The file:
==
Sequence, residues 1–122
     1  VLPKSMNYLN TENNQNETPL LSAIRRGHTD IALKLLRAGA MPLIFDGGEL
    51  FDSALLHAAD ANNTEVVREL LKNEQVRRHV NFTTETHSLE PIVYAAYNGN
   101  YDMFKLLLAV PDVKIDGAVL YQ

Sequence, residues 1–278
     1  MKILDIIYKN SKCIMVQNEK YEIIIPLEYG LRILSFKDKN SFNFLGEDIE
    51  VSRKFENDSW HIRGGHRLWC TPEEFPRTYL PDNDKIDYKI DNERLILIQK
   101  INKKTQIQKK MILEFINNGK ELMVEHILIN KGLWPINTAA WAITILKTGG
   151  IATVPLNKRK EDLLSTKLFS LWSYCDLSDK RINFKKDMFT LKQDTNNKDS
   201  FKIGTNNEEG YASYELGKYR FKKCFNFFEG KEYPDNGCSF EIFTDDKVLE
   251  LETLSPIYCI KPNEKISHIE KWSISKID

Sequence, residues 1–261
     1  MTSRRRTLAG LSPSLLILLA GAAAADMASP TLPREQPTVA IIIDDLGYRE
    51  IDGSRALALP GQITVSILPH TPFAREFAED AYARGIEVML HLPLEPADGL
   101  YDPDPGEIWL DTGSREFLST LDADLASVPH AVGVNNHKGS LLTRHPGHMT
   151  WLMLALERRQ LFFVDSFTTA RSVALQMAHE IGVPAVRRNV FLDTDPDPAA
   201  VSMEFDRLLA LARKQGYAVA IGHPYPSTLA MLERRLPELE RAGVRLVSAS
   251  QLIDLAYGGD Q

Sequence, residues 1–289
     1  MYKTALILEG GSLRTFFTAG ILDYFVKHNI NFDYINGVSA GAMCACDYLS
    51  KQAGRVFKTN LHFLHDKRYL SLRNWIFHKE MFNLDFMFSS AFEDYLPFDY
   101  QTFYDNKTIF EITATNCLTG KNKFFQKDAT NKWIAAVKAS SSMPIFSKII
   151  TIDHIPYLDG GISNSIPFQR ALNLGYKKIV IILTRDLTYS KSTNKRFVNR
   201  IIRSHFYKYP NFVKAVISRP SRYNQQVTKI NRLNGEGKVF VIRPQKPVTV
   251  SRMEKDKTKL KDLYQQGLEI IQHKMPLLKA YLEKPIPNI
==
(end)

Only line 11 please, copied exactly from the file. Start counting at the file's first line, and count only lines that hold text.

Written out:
   251  LETLSPIYCI KPNEKISHIE KWSISKID